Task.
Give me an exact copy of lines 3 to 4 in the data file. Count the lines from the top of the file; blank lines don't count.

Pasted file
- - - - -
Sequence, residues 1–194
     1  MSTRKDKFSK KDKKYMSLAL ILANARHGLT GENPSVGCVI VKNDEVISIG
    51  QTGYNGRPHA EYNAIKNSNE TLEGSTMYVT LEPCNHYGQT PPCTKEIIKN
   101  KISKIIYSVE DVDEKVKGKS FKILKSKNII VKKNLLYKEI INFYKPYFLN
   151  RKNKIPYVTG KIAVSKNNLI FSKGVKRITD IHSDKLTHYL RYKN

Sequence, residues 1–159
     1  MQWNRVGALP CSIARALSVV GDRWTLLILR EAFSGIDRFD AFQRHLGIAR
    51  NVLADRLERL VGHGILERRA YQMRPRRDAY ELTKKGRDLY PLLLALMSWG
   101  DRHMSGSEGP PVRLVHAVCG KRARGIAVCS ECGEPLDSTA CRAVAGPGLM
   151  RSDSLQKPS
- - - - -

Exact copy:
    51  QTGYNGRPHA EYNAIKNSNE TLEGSTMYVT LEPCNHYGQT PPCTKEIIKN
   101  KISKIIYSVE DVDEKVKGKS FKILKSKNII VKKNLLYKEI INFYKPYFLN